necessity of inclusivity

‘The greed that sometimes drives capitalism must be tamed’ – James Mwangi

By Nicholas Norbrook

Premium badge Reserved for subscribers

Posted on October 29, 2020 16:31


If any banker was going to have an epiphany about capitalism during the pandemic, it was James Mwangi. “The bottom line […] is no longer a central focus,” he said, during a long video call in late August, in his capacious but empty office in central Nairobi.

Instead, the chief executive of Equity Bank has realised that the interests of the wealthy must be better aligned with the less well-off to avoid global calamity – in essence, inclusivity is self-interest. It has been a punishing year for Kenya’s biggest bank. “Up to June we are down 24% after tax,” says Mwangi. Waiving the fees to use its mobile platform forfeits $2m per month in revenue.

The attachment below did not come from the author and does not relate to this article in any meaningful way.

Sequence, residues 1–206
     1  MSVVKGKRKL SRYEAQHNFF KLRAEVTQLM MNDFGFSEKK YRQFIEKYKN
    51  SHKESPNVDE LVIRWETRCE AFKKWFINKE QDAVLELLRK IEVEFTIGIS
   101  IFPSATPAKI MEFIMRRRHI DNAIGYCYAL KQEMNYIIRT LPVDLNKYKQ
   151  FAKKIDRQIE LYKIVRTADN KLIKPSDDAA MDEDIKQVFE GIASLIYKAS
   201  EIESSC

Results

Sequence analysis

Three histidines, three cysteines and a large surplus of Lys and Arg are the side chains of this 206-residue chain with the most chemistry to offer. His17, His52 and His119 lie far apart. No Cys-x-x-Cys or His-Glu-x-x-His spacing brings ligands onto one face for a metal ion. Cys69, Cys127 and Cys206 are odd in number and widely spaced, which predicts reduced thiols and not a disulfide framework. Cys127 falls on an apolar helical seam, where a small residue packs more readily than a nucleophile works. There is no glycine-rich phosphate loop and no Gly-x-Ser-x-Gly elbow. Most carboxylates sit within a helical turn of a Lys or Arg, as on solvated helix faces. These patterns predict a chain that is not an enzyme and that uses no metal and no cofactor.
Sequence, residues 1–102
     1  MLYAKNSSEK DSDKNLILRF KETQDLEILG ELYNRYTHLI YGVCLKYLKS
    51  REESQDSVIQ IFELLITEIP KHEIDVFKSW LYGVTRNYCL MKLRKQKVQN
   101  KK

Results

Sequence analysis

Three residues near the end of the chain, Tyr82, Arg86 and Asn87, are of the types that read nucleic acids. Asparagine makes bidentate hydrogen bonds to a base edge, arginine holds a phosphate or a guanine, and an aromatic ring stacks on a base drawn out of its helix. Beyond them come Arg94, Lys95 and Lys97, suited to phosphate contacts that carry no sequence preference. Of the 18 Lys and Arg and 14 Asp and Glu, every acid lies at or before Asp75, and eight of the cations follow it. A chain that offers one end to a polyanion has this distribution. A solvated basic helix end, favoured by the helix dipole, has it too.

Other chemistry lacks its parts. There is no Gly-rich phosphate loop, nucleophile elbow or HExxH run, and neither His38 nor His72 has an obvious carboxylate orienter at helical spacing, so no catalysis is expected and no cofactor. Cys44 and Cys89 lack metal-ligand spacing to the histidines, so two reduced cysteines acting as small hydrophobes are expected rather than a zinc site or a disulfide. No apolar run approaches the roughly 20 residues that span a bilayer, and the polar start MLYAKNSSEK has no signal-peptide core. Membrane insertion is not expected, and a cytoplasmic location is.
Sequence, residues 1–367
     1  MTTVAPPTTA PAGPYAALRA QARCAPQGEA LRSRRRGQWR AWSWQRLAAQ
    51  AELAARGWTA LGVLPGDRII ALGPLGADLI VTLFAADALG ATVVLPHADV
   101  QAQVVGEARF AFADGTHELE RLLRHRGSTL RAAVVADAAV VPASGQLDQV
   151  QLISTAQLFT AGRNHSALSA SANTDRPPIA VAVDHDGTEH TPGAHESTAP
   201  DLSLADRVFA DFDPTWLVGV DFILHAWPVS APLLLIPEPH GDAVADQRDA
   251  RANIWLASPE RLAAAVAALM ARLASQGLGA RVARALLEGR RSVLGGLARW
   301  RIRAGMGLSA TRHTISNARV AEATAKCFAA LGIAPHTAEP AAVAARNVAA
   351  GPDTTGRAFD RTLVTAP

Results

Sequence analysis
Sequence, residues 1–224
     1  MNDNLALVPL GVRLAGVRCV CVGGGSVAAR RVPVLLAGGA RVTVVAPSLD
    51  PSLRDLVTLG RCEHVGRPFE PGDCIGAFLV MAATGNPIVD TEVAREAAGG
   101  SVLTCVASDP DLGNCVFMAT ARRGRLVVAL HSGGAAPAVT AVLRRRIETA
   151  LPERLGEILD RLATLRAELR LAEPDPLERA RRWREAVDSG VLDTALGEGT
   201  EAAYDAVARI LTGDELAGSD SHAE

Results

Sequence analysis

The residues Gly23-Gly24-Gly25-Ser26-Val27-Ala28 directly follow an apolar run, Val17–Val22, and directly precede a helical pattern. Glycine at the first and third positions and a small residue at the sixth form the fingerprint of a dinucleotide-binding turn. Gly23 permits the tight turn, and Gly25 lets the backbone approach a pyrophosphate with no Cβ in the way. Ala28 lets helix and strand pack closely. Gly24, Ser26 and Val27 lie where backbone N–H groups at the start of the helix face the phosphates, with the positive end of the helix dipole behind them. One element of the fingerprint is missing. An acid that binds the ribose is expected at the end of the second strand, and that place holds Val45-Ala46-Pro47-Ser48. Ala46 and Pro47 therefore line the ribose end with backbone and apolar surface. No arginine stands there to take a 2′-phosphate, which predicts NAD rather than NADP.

Whole teams have been set up to work from home, with all the security and equipment costs this entails. “We have a 200-member call centre working from home, our debt-collection unit – another 200 people – working from home.” Most expensive is the extra money set aside in case customers are unable to pay back loans. “Our provisions have gone up 15-fold up to June to take the heightened risk that we perceive. We are insulating our customers from shocks.”

While the government has “been very generous” with

There's more to this story

Get unlimited access to our exclusive journalism and features today. Our award-winning team of correspondents and editors report from over 54 African countries, from Cape Town to Cairo, from Abidjan to Abuja to Addis Ababa. Africa. Unlocked.

Subscribe Now

cancel anytime